We hope you had a wonderful Easter weekend. Perhaps you found the golden egg stuffed with a mere $5 trillion. Oh wait, numbers that size are reserved for the purview of the FED. As I mentioned last week, the Federal Reserve has put that $5 trillion golden egg into the economy through issuing currency and buying Treasuries and Mortgage Securities. They put that money into the system and lowered interest rates in the process (increased demand for Treasuries). And now they are talking about pulling that money out of the system.
This is where my true genius shows though. If putting money into the system and pushing interest rates to near zero is good for the economy and creates a lot of activity, then what does pulling money from the system and raising interest rates do? I think you already know. It doesn’t take a rocket scientist to figure that one out.
But with most things in life, it’s not quite as simple as that. Because, while the economy is slowing, it is still growing (note last week’s Atlanta FED GDPNow forecast). Not to mention that these rate increases (which have just begun) take 6-12 months to work through the economy, so we still have time before the real effects of this are felt. But, the FED has started the “jawboning” to move the interest rates up and get the market ready for the liquidity tightening that is coming. And the market is trying to price that in (see below).
So, it’s very typical for the markets to have a lot of volatility in the run up to rate increases. Then there is usually a move to retest past highs. Following this, the realization starts to set in that these rates will have a slowing effect on the economy. We all know what mortgage rates have done over the past six months, so how has that affected the homebuilders? Here is the chart of the National Association of Home Builders index.
You can see that the index has been going down since interest rates started their move higher. The low marks back in August and September were COVID-related. So home builders are not feeling so good about their industry going forward. See the quote from NAHB chief economist below.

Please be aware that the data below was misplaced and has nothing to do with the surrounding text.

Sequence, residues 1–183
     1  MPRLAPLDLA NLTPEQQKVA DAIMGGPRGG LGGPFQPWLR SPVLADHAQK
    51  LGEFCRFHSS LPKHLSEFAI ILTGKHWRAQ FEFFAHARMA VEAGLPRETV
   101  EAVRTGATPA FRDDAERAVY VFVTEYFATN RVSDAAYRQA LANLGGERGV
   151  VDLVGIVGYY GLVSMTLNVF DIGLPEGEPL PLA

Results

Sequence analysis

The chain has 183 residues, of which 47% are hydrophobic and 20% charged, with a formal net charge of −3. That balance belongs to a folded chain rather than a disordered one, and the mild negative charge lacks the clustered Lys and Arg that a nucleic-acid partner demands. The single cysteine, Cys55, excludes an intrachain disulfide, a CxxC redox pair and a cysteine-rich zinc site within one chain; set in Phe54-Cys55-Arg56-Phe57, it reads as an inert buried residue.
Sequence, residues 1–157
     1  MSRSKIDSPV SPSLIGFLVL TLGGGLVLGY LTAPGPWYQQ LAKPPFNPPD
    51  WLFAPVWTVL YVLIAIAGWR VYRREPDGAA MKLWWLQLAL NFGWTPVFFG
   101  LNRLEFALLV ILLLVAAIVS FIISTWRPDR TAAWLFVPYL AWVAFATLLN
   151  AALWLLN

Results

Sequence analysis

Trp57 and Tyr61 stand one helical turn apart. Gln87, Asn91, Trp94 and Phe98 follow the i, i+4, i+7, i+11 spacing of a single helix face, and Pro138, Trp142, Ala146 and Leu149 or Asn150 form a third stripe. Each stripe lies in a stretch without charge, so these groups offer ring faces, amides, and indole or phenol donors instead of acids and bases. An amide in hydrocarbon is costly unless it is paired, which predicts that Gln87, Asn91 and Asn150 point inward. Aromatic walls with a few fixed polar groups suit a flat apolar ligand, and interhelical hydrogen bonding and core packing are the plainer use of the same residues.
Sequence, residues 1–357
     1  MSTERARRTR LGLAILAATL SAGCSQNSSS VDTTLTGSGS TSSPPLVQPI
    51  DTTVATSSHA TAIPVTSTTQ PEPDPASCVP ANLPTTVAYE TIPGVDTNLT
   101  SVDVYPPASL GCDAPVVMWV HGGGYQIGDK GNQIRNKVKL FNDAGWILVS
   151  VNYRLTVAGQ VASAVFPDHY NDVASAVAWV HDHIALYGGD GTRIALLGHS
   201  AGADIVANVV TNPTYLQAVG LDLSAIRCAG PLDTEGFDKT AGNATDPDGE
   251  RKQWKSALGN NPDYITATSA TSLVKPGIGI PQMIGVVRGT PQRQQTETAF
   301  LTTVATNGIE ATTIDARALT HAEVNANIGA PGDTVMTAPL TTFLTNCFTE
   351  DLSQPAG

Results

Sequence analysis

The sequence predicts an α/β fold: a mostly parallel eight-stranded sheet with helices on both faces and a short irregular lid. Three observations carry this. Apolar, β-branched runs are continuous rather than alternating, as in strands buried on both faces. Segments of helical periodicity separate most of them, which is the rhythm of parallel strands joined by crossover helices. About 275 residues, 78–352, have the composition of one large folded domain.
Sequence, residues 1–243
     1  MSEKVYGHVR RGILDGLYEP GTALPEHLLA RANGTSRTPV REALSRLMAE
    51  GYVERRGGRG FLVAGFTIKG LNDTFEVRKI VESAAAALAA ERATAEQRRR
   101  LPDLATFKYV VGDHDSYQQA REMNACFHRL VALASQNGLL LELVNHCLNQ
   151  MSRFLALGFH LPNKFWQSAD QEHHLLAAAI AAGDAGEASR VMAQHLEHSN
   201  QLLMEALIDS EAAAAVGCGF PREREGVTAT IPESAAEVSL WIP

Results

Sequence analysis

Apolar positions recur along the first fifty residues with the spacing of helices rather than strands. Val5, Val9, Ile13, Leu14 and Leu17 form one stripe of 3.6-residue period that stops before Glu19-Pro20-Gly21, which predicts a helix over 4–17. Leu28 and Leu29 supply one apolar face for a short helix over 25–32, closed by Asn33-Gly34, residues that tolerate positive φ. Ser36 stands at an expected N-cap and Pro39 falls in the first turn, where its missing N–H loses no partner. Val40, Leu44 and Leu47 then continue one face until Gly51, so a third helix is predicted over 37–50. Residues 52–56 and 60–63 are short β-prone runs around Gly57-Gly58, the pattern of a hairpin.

Now, the reading is still above 50, which means expansion in the industry, but clearly there are storm clouds on the horizon. There has been a big rush to lock in rates over the last couple months, as borrowers foresaw further rate increases. Turns out they were right, as there is now no opportunity to lock in rates in the 4’s (unless you want to pay a lot of points).
That’s not the end of the world, at least for some of us that have been in the real estate market for more than 10 or 15 years. For millennials, many of them have never seen rates this high, and we know that the anchoring effect can be powerful. Will they go higher? That’s a great question. Will we see rates with a 6 handle on them? I’m going to take a wild guess and say that if we do, it won’t be there for long, as the housing market will likely come to a screeching halt (and cash buyers will be happier than ever). But what do I know? This one might take a rocket scientist.
Finally, you know that emotions play a big role in the financial markets. Those emotions usually lead us astray and cause us to make decisions that are not in our long-term best interest. Let’s take a look at where investors emotions are today (remember, these are contrarian indicators).
The latest AAII survey shows a 3 to 1 bears ratio. Put another way, there are -32.6% bears to bulls. You can see in the chart below that these levels are pretty extreme and usually mark a low in the markets. You can see the 2018 FED induced selloff that culminated on Christmas Eve, the 2020 COVID related bear market, and the period we are in currently.
Let’s take a look at a different fear/greed index.
This one is barely in the neutral category, having moved up off the Fear level last week. This one measures several different sentiment indicators, as opposed to the investors’ sentiment above. Four of the seven indicators are in the Fear/Extreme Fear levels, while two are in the Greed/Extreme Greed areas. Those two happen to coincide with stock’s relationship to bonds (which bonds have been a terrible place to be for a “safe haven” trade), while the other one is looking at market breadth (stocks going up versus going down). They classify it in the Greed category, though it looks more in the neutral area to me.
Regardless, it is certainly not saying everyone is feeling great about things. Remember the Buffett quote, “Be fearful when others are greedy and greedy when others are fearful.”
Like I said last week, the next couple months will be critical. The FED is either focused on continuing to raise interest rates well beyond neutral (as they have said) or they have moved interest rates well in advance of their intended rate increases. We know they can’t be trusted to take at their word, because they will change on a dime. So that leaves us hanging out there waiting for them to show their true intentions.
Your Non-Rocket Scientist signing off now. Have a good week and please do reach out with questions, comments, or concerns.